Moreover, being a translator offers you plenty of opportunities to work independently. When you have built a good reputation and large network of clients and connections, you can go freelance and set up a small company.
You’ll be able to build a solid career in medical translation without being subjected to the changes in the job market and the whims of superiors. You can also go after international clients.
5. Varied and Interesting Work
Medical translation is like working in a job where you meet interesting people all the time. Although you are working in one specific type of translation, you still get interesting assignments as it is not confined to just translating medical product information.
You might be translating the latest scientific breakthrough or work on some very progressive and innovative scientific research. One day you might be assigned to translate a medical journal or a medical textbook. Who knows?
Everything depends on the reputation you’ve built and the quality of your work. But one thing is certain. You are not going to be bored because medical translation will always pique your interest and offer you different challenges. It offers you the opportunity to work in a field that you love and be paid handsomely for it.
Important Qualities to Possess
To be a successful medical translator, you have to possess these qualities:
- Good business skills. If you choose to be a freelance medical translator or start your own agency, you must have general business skills so you can successfully manage your career and finances. You must understand how to set up your professional rates, how to bill customers, manage record keeping as well as how to market your services.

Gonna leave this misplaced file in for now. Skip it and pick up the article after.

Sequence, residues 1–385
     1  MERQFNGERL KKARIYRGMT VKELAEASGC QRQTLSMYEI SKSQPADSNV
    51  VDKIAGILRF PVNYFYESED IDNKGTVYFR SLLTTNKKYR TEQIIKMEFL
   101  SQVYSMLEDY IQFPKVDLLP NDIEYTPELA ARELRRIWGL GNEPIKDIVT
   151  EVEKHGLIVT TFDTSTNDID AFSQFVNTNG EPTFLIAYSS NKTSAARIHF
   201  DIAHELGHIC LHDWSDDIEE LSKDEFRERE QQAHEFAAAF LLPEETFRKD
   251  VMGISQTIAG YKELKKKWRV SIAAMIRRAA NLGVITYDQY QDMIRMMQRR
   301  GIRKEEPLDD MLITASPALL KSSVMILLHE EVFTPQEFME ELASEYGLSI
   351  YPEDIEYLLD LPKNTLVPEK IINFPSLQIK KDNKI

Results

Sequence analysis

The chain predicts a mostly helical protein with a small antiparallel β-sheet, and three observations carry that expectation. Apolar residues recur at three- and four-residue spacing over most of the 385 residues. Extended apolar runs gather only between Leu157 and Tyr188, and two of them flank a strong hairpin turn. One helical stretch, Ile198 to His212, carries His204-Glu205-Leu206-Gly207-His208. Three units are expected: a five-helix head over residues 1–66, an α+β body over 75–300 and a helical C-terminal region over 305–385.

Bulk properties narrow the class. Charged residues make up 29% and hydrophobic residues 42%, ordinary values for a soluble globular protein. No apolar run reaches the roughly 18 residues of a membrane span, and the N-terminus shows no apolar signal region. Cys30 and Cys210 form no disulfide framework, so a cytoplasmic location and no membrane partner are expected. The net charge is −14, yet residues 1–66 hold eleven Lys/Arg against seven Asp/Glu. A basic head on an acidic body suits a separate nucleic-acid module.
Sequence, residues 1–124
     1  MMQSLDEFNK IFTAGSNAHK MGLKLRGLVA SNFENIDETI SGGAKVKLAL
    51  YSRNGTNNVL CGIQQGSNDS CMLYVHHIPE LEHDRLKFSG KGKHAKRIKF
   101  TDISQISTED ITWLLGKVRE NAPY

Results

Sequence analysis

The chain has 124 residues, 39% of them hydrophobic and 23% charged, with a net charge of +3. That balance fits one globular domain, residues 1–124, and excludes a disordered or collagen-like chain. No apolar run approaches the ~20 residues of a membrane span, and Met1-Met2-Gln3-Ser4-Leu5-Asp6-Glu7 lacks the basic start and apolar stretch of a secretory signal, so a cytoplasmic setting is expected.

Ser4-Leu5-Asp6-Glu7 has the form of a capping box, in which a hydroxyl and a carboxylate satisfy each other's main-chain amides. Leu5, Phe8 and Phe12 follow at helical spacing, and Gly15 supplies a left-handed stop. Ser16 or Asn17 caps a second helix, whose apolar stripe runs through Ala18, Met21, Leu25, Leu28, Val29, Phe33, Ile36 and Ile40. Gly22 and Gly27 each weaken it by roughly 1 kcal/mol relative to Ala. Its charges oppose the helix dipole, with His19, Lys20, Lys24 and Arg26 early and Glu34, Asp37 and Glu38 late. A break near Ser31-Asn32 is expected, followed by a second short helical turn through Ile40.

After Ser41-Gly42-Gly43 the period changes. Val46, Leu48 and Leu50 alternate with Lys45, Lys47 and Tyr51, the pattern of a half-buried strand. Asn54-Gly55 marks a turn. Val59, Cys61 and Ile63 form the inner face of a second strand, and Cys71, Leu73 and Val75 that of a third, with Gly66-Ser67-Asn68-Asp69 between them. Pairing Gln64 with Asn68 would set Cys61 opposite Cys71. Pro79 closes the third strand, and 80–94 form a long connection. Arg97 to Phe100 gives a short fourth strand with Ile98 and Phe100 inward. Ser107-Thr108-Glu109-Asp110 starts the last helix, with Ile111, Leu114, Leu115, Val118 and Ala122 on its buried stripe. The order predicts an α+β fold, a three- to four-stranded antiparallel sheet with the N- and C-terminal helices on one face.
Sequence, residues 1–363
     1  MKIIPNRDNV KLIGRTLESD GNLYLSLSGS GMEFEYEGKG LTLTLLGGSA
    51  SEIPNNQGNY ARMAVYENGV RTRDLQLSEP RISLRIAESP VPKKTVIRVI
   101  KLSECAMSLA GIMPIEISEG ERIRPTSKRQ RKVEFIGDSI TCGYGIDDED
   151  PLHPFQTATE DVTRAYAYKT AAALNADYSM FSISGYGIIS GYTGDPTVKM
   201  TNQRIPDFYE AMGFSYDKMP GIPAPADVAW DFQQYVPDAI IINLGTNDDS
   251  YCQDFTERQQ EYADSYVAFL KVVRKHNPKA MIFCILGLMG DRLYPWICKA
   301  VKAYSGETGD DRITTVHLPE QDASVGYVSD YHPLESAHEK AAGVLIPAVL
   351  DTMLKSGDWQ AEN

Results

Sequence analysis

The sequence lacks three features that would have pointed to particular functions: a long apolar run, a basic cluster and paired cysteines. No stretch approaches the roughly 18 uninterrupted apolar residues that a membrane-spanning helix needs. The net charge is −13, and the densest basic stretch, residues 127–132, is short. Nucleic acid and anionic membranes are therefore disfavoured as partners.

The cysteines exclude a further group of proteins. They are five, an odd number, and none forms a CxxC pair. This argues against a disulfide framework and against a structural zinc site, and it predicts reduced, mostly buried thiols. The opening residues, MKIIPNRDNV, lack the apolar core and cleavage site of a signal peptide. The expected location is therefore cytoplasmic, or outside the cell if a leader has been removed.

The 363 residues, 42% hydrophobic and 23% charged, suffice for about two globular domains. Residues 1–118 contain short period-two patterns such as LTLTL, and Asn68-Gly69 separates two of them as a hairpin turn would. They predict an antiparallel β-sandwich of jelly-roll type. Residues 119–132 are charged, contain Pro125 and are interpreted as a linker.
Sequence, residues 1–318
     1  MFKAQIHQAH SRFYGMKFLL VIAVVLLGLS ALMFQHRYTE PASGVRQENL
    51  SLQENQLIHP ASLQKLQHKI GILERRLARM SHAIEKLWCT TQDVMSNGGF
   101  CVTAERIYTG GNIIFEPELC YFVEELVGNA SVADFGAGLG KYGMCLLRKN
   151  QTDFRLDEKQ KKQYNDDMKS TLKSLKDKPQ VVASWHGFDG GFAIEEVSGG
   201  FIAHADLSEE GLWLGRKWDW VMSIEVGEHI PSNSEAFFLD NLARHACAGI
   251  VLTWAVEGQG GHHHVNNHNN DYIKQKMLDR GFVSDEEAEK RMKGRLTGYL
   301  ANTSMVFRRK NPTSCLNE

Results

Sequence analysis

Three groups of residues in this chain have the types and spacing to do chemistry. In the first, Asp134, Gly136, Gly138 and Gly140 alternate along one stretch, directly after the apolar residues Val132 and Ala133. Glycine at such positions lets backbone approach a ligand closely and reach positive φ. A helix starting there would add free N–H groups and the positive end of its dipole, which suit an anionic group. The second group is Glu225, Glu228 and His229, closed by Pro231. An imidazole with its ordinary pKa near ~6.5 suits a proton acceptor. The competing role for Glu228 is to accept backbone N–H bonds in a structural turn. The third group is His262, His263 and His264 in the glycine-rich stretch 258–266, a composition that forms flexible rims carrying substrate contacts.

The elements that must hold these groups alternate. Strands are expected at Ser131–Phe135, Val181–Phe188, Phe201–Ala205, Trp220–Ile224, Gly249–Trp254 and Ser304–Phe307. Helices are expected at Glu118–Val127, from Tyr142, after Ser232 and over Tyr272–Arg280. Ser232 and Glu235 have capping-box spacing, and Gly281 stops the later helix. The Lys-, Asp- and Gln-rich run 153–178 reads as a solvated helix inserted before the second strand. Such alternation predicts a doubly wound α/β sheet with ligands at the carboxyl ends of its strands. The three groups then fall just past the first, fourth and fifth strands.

- Ability to concentrate. You need the ability to focus on the assignment. There should be no distractions while you are doing your job. Medical translation is sensitive work and demands a high level of accuracy. A wrong word or term can be very damaging and put lives at risk.
- Sensitivity to cultural differences. Other cultures have different expectations and levels of understanding. You should know what words and terms to use in different languages that will make the information you are translating very clear, simple and easy to understand.
- Great interpersonal skills. If you are self-employed, you should be able to get along and establish good rapport with the people and companies that hire your services, in order to retain customers, attract new business and widen your network.
- Excellent reading and writing skills. You must be able to read your translation in the languages you are using. Likewise you must be able to write effectively and clearly in the target language/s.
Medical translation is an exciting but very demanding job. All your skills, talents and knowledge should be in high gear. Many of the documents you will be translating are written by specialists and are meant to be read by specialists, therefore you have to be an excellent subject matter expert.
While you may have the experience working in the medical industry, most of the skills required of a medical translator will be developed through self-study. Otherwise, you can enroll in a medical translation course and get a certificate.
It is typically 16 to 18 credits in length. The course includes subjects like medical terminology, medical translating process, standards of practice, interpersonal communication, and professional development.
Are you ready to be a medical translator? Share your thoughts with us in the comments below!